Bartlett defends retention in tourism as highest among industries
Minister of Tourism Edmund Bartlett, in conversation with financial and market analysts, acknowledged criticism that the leakage of earnings from the tourism sector was as high as 70 per cent, but said the figure was still the lowest among big industries in Jamaica.
Essentially, of the money spent on Jamaica's tourism products and services, just 30 per cent is thought to stay in Jamaica. The rest flows overseas to foreign investors in the Jamaican sector, and external service providers.
But Bartlett, in his defence of how much Jamaicans benefits from tourism spend, said at the latest 'Breakfast Conversation with Analysts' hosted by MoneyMasters Limited on Thursday, that the retention rate in Jamaica was about midpoint the performance of its regional peers.
"Thirty per cent retention is perhaps the highest value added in any industry in the country today. Not even bauxite gives you 30 per cent," he reasoned.
His statement came just as MoneyMasters President Claudette Crooks was wrapping up the event. While thanking Bartlett for his participation in the forum, she urged his ministry to publish targets to reduce leakages by 2030 - the date by which Jamaica hopes to be reclassified as a developed country.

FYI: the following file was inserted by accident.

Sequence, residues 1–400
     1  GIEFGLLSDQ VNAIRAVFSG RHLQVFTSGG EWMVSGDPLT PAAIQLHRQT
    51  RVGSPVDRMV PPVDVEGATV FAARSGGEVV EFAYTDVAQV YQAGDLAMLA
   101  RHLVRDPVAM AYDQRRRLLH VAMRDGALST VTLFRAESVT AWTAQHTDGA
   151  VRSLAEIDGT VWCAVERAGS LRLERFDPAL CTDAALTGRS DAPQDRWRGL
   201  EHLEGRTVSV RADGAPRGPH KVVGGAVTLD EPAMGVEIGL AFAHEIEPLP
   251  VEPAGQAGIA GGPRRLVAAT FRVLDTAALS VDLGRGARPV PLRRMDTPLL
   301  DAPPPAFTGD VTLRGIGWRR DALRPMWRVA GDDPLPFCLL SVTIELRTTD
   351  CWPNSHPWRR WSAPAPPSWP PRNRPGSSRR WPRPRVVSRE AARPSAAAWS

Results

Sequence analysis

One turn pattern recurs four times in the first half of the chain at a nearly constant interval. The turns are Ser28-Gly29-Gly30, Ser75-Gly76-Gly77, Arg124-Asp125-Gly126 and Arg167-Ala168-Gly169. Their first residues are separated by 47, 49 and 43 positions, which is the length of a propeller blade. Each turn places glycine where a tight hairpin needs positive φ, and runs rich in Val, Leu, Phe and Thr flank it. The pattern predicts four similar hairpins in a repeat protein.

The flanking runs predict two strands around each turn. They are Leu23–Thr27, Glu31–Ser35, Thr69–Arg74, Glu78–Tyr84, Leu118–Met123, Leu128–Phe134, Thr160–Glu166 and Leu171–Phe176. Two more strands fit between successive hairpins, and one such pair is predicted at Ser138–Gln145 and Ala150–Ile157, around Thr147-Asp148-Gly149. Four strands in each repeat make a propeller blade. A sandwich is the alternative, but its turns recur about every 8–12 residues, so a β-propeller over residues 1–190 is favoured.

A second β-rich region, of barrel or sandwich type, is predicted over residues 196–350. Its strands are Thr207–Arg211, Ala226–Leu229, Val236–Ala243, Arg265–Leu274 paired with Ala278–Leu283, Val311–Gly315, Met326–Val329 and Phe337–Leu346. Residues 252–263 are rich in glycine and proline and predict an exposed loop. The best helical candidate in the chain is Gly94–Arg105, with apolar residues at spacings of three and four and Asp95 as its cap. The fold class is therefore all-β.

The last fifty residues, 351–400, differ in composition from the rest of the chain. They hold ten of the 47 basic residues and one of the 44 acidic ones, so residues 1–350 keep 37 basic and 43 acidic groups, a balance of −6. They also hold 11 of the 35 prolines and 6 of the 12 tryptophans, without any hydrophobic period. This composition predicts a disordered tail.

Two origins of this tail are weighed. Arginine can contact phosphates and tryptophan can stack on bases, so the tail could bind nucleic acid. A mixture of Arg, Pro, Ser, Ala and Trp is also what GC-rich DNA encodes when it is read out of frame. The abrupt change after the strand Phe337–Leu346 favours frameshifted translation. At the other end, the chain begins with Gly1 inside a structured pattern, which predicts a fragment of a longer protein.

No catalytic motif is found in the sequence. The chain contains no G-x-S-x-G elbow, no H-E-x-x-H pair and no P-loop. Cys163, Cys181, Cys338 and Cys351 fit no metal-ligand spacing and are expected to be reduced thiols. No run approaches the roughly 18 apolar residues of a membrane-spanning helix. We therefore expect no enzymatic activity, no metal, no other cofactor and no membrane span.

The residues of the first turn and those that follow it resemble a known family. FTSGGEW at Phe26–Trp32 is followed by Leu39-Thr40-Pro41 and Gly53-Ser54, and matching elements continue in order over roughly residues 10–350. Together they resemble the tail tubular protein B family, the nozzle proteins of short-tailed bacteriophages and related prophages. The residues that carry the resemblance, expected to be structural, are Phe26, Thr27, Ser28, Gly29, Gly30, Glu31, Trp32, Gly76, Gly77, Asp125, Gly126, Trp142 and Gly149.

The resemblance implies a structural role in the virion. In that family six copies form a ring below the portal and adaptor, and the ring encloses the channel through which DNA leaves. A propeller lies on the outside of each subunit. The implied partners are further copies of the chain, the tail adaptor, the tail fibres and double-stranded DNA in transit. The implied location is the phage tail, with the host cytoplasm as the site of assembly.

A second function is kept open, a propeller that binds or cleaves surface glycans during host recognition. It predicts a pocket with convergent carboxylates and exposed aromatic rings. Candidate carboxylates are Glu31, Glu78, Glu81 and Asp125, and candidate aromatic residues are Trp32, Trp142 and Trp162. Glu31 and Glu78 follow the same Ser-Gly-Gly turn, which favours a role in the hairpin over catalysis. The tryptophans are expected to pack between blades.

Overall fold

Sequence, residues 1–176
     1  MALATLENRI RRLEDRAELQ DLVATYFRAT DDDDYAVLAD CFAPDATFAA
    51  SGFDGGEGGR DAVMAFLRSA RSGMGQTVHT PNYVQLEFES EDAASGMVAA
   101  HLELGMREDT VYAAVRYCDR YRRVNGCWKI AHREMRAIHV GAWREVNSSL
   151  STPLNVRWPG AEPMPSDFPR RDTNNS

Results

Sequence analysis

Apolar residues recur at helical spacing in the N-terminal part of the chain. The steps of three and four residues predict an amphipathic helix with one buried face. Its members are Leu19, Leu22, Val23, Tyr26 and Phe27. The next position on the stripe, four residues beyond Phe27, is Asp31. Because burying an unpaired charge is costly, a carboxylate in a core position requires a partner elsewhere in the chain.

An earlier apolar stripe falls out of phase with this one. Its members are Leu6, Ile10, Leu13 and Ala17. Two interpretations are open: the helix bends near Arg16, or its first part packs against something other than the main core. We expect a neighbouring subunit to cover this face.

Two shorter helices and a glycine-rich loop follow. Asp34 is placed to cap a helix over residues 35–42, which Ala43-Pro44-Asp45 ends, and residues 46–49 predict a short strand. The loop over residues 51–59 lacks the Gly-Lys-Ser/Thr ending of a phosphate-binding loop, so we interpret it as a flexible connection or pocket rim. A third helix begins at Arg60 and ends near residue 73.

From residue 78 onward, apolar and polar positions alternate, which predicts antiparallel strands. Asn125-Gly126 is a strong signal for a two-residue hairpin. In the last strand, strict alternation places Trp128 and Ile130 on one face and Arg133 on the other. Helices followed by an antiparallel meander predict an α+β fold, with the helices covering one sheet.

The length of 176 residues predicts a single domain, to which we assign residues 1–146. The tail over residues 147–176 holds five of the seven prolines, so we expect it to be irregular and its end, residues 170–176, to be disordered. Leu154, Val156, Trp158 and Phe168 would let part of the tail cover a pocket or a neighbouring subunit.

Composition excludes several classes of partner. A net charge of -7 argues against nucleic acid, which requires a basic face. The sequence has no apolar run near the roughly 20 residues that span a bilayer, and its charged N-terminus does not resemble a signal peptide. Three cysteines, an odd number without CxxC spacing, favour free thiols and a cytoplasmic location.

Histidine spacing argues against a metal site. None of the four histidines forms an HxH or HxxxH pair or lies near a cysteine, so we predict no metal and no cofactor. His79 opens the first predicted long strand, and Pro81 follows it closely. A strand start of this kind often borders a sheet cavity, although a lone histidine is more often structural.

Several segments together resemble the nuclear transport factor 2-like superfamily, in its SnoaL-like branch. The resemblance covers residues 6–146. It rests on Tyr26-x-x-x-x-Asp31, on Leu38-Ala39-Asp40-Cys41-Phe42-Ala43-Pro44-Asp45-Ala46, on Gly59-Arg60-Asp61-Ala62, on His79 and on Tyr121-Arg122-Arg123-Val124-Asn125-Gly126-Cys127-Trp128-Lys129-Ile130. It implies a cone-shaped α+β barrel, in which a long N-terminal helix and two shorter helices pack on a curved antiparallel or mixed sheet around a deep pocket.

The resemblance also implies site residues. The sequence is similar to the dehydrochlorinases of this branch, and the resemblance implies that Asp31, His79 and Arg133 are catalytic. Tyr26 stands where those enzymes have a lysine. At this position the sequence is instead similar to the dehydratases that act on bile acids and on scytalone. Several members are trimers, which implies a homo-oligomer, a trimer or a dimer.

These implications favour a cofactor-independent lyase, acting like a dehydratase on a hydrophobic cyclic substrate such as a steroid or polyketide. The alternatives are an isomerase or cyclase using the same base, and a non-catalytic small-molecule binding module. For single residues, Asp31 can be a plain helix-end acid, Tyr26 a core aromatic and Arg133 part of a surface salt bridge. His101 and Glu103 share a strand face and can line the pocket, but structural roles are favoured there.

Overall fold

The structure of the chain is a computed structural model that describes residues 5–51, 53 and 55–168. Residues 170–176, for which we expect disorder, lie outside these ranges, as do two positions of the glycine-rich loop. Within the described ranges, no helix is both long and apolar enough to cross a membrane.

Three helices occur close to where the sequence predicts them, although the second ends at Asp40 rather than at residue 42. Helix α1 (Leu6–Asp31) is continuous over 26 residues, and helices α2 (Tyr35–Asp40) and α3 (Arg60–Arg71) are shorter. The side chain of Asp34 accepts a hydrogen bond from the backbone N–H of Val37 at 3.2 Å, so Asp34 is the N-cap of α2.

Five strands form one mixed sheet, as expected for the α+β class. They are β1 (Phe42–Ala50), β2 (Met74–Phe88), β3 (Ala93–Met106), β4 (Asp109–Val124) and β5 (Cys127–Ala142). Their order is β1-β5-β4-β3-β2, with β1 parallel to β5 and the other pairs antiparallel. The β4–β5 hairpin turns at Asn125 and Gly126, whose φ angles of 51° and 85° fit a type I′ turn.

"So while we monitor the growth in arrivals, we also monitor closely the growth in our retention - no matter how small it is," said Crooks, who also called for the establishment of a commodities exchange for farm items, including tomatoes and other crops that flow into the tourism trade.
Earlier, Bartlett said in his speech that Jamaica ranked 13th among the countries in the world most dependent on tourism and that leakages will only be managed by increasing linkages.
"This is why we established a $1-billion revolving loan, through the Tourism Enhancement Fund and the EXIM Bank, to further assist with investment for micro and small Jamaican-owned businesses to build capacity to create and compete," he said. EXIM received 51 loan applications totalling $941 million, according to information in the written speech.
The tourism sector is performing at record levels, with around 4.3 million annual visitors who spend US$3.3 billion, with a growth rate that is six times that of the overall economy.
"At US$3 billion, it means US$1 billion is in circulation around the island, and you feel it in the industries that are connected," the tourism minister asserted.
"As you expand your loan portfolios, look at tourism seriously,'' he said, while noting that more local investment is one of the ways to arrest or reduce leakages.